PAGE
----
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And made me for delight my freedom sell. Give me my heart, false creature, tis a wrong, My guiltless heart should now with thine be slain: Thou hadst no right to lock it up so long, And with usurpers name I Mariam stain. [Enter butler.] herod Have you designed Sohemus to his end? butler I have, my lord. herod Then call our royal guard To do as much for Mariam. [Exit butler.] They offend Leave9 ill unblamed, or good without reward. [Enter soldiers.] Here, take her to her death. Come back, come back, What meant I to deprive the world of light: To mufe Jewry in the foulest black, That ever was an opposite to white? Why, whither would you carry her? soldier You bade We should conduct her to her death, my lord. herod Why, sure I did not, Herod was not mad. Why should she feel the fury of the sword? Oh, now the grief returns into my heart, And pulls me piecemeal: love and hate do ght: And now hath love acquired the greater part, Yet now hath hate affection conquered quite. And therefore bear her hence: and, Hebrew, why Seize you with lions paws the fairest lamb Of all the ock? She must not, shall not, die. Without her I most miserable am, And with her more than most. Away, away, But bear her but to prison, not to death: And is she gone indeed? Stay, villains, stay, Her looks alone preserved your sovereigns breath. Well, let her go, but yet she shall not die; I cannot think she meant to poison me:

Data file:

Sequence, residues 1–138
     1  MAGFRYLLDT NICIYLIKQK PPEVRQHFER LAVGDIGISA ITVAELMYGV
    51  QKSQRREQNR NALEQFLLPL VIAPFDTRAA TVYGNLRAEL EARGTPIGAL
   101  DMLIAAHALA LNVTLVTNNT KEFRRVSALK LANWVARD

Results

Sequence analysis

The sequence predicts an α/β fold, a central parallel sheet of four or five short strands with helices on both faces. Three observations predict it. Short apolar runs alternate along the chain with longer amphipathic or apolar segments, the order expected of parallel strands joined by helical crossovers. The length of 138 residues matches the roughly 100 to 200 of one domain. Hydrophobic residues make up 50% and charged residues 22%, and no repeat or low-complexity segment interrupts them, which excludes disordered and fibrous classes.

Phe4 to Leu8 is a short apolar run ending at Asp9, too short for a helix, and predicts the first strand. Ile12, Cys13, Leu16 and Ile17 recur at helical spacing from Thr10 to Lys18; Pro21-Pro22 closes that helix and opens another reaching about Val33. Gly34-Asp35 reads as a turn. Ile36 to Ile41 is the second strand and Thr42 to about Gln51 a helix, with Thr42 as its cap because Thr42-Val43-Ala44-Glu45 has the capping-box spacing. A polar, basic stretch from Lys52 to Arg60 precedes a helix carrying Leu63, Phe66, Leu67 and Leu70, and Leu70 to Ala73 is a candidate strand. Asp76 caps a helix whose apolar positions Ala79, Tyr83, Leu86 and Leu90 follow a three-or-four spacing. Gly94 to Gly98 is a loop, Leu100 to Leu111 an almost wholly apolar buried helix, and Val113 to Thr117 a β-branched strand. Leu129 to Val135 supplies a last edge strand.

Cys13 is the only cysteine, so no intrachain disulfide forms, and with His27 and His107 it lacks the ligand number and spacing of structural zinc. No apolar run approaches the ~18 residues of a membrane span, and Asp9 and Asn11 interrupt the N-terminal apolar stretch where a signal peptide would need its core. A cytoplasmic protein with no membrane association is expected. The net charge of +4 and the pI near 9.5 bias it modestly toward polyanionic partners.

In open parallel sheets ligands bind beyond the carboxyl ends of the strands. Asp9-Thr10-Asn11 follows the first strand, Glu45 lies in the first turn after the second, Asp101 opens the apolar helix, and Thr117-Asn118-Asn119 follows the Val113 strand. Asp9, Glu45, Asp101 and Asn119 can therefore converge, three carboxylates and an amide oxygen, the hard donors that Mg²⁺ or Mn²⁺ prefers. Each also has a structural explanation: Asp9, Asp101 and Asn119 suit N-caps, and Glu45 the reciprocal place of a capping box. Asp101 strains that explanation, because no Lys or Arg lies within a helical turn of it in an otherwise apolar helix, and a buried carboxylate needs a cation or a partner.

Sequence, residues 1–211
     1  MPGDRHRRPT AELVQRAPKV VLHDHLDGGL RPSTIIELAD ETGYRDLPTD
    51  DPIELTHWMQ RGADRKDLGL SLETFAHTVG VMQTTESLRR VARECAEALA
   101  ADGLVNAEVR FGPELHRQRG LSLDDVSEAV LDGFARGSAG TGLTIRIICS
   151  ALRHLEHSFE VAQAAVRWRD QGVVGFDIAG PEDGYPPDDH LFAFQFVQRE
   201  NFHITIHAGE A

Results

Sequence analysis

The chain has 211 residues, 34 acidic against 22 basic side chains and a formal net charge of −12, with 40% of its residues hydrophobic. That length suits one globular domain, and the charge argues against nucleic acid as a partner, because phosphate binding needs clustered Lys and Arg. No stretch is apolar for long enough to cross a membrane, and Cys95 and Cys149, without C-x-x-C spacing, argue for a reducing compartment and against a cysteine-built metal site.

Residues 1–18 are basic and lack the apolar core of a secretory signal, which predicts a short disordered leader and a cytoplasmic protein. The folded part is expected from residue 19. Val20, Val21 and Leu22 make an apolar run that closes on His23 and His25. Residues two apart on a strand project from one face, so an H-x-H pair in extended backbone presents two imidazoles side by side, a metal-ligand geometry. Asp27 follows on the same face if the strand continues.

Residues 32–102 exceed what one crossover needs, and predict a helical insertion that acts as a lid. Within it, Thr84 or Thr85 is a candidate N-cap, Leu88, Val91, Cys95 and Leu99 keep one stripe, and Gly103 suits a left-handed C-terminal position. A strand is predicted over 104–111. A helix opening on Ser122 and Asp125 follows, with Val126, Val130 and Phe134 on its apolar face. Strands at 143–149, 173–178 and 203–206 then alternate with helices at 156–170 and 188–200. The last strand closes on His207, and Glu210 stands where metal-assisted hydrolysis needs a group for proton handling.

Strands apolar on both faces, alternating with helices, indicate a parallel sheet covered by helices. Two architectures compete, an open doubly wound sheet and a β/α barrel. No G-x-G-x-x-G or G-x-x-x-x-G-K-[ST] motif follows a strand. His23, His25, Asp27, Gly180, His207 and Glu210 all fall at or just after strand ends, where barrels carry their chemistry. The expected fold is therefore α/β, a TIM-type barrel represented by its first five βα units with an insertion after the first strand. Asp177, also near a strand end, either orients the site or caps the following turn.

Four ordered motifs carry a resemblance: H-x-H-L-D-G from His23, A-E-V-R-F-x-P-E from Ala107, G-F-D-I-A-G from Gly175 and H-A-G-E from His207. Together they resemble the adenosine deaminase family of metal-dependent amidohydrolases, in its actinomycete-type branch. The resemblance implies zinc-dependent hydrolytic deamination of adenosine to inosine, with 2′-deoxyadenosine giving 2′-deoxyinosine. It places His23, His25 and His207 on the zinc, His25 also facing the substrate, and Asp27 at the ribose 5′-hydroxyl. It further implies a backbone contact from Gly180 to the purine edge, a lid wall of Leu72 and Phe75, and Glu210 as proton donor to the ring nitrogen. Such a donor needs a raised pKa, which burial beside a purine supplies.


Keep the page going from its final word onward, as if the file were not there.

dispatched

9. Who leave.